One of the most important events that happened in the cosmos was that of inflation, that time after the Big Bang explosion sent the universe into a period of expansion.
By the time inflation ended, the quantum fields that drove this event weakened, transforming into millions of particles and radiation that remain to this day.
When the universe was less than 20 minutes old, those particles began to assemble into the first protons and neutrons during what is known as big bang nucleosynthesis .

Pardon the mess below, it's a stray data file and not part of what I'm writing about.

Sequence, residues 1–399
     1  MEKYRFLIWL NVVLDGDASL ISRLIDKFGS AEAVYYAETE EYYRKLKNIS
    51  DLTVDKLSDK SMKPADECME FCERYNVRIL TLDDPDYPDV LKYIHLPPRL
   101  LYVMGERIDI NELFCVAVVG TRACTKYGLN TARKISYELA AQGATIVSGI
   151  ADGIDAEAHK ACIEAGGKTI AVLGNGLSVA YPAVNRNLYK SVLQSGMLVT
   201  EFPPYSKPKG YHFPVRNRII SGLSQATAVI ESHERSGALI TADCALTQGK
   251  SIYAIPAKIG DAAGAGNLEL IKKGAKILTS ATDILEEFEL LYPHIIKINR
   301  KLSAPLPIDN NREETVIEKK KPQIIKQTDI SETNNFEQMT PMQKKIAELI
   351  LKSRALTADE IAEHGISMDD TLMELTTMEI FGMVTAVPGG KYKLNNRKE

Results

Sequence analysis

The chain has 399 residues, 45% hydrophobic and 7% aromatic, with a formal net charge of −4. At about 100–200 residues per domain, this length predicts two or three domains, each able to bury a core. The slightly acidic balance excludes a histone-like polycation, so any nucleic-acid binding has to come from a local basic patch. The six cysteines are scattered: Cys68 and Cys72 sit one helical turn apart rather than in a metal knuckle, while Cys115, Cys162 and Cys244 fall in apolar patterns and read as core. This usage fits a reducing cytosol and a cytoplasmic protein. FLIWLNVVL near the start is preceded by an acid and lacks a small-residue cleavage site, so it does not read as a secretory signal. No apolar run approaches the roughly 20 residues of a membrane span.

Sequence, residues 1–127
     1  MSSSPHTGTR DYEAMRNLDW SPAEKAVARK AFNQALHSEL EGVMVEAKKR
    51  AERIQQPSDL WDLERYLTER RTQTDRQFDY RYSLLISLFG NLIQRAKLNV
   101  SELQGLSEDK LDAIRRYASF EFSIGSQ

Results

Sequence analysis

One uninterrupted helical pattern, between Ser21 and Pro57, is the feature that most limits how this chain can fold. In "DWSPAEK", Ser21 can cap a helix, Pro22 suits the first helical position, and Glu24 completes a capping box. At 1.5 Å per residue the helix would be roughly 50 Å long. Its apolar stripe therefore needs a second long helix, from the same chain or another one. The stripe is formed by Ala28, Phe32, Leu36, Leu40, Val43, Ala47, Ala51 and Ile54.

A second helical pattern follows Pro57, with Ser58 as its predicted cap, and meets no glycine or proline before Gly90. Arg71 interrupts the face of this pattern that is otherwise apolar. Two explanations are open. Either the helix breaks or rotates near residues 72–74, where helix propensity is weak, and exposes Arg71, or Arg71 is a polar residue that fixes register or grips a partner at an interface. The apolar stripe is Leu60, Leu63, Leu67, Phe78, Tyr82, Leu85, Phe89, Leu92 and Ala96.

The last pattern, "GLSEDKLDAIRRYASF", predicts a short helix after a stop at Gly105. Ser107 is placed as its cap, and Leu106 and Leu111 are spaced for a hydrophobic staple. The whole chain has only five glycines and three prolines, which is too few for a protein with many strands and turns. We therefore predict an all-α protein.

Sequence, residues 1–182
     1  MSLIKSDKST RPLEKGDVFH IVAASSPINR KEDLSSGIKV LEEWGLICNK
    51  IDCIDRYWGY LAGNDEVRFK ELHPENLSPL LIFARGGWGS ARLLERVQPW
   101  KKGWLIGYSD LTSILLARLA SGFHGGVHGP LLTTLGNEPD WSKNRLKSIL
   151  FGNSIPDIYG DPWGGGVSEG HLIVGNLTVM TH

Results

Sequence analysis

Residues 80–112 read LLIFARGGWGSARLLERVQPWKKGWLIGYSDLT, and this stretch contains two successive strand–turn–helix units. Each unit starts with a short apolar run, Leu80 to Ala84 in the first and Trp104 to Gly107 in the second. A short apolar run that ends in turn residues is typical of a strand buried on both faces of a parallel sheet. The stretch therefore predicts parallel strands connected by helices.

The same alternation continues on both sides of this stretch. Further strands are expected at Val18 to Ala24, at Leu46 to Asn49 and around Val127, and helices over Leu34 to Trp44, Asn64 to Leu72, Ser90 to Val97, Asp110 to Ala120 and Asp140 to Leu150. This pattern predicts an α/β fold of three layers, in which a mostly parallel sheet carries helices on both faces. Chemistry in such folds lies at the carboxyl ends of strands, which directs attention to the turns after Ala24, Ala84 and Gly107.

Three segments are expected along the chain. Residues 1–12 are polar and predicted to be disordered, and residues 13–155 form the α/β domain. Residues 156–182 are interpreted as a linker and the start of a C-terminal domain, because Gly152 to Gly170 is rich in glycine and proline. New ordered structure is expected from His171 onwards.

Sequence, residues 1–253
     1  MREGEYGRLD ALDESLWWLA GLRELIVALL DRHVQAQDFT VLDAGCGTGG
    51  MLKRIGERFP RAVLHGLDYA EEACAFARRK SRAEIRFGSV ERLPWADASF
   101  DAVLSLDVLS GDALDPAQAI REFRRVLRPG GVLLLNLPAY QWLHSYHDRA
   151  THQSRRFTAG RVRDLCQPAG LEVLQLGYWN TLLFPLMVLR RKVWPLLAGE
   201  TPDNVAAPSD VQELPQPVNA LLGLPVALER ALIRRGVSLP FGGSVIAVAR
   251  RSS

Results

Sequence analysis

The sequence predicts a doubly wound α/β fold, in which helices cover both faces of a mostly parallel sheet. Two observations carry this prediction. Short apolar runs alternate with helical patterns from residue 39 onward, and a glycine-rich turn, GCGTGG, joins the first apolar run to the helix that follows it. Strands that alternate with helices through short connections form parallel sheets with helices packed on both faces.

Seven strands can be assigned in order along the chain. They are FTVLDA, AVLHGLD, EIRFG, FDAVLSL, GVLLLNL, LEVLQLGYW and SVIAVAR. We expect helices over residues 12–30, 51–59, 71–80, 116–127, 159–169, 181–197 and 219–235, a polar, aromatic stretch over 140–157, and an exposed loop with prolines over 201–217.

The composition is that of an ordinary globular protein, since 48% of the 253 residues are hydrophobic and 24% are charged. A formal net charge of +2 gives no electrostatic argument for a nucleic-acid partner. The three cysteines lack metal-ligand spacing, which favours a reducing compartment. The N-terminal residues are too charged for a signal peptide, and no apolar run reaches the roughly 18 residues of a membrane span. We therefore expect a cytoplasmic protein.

These findings allow us to know a large part of the universe, but scientists have not yet been able to verify the origin of dark matter, which, according to the European Organization for Nuclear Research, occupies 27% of the cosmos.
Some models of the Big Bang suggest that any process that generated particles and radiation also created dark matter.
But University of Austin scientists Katherine Freese and Martin Wolfgang Winkler have published a new theory proposing a second explosion that created dark matter. It is the “Dark Big Bang”.